Adam's Peak, or Sri Pada as known in Sri Lanka, is a mountain 2243m high in the south of the central highlands. The mountain features a rock formation that is considered as the footprint of Buddha for Buddhist, Shiva for Hindus and Adam for Muslims and Christians.
The mountain has a path to the top consisting of several thousands steps, many of different heights and uneven. The ascent takes on average 2-3.5 hours and is particularly steep towards the top, although is quite safe as there are hand rails to hold on. Many Sri Lankans make the climb several times in their lives; one can ring the temple bell at the top as many times as one has climbed. Next to this 'Mother Path' there are other, much longer, paths from the southwestern side of the mountains.
The 1400m ascent means a significant difference in temperature as you reach the top, and this is exacerbated by the wind. It is not a hard climb but especially on the way down, leg muscles will be overexerted.
The pilgrimage season period is a particularly busy time to climb; it runs from Full Moon December to Full Moon May. For the 'low' season check current regulations before travelling; for the 2017 season an official ban on night climbing was issued with police checking and issuing fines. At least the many stalls lining the path are not open during the 'low' season, and neither is there proper (neon) lightling along the path. So bringing food and especially water is important if you would climb then. Many people attempt the ascent in the early hours of the morning, with the goal of seeing the sunrise, others climb in the afternoon to see the sundown. In either cases, torches are needed to see at night in the low season, even with full moon. Travelling in groups is always advisable.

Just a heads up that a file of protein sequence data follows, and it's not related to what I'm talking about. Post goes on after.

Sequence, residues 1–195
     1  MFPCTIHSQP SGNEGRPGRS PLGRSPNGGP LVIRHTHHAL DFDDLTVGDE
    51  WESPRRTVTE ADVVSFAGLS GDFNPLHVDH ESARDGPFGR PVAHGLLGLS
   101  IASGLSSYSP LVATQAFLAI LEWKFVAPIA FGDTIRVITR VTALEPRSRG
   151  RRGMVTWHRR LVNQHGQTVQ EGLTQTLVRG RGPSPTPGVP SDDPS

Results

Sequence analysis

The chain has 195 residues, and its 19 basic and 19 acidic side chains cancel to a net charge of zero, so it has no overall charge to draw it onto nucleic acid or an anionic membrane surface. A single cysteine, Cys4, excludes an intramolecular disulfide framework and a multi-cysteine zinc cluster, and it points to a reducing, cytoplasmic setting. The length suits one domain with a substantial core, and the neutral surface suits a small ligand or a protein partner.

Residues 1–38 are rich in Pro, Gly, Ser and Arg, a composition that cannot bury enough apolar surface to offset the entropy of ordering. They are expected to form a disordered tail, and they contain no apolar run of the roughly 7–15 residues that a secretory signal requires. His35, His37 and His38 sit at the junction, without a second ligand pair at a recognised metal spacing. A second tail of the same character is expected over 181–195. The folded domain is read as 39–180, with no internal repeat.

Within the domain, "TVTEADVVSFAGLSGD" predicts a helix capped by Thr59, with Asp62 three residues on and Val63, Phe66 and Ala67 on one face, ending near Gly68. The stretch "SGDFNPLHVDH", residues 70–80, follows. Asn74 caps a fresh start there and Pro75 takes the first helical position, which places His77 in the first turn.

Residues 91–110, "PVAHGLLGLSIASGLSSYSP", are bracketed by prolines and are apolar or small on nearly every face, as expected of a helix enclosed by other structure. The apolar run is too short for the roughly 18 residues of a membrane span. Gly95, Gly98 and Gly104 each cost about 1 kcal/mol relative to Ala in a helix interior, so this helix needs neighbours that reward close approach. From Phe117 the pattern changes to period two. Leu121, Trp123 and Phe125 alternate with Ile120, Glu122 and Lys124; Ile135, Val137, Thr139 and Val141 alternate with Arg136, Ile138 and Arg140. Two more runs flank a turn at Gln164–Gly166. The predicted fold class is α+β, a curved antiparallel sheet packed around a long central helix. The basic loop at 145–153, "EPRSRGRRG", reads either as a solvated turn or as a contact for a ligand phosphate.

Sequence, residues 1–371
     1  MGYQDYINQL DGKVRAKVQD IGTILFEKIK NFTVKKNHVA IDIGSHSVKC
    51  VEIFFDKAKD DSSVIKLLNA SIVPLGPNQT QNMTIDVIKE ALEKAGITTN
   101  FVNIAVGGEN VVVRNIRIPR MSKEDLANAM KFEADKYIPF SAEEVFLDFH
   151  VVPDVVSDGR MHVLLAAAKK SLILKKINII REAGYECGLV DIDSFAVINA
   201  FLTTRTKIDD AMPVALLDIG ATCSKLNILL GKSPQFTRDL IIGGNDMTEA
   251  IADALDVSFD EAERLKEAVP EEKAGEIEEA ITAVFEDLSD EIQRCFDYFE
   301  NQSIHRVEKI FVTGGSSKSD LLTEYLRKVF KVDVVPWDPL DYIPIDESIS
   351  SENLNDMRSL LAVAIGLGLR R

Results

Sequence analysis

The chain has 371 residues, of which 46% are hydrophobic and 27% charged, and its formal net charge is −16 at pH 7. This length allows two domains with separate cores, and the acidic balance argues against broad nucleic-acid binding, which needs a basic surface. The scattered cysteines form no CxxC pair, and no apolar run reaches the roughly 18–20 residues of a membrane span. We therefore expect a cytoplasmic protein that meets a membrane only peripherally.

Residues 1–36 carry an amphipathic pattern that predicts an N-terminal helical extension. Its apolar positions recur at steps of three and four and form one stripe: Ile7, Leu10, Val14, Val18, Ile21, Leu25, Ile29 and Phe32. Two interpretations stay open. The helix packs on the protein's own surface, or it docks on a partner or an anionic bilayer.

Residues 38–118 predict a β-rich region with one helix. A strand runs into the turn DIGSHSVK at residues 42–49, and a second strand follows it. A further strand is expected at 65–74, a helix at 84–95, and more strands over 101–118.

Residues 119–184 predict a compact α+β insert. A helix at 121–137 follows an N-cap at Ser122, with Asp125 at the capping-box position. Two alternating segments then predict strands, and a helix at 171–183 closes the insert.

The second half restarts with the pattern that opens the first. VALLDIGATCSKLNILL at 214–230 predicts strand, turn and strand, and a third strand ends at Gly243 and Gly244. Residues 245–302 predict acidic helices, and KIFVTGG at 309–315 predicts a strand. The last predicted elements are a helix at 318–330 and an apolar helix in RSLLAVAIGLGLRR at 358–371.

At the top the wind is very strong, but the scenery is breathtaking. Clouds lying 500m below hit the mountain and skim over the top, giving a spectacular sight.
Similar to other articles on the Central province, getting there is hard due to the bad state of the roads and the sinuous character of the trail. The scenery is beautiful and mostly unspoilt (2017), but hardly compensates for the hardship of travel.
There are several guest houses/hotels to spend the night, including "Slightly Chilled" that is very friendly towards climbers.
The area starting the trail is named the Delhouse bus stand (AKA Nallathanniya and Mulgama on google maps). Delhouse is 2 hours from Hatton.
Go back to Hatton. From there you might go:.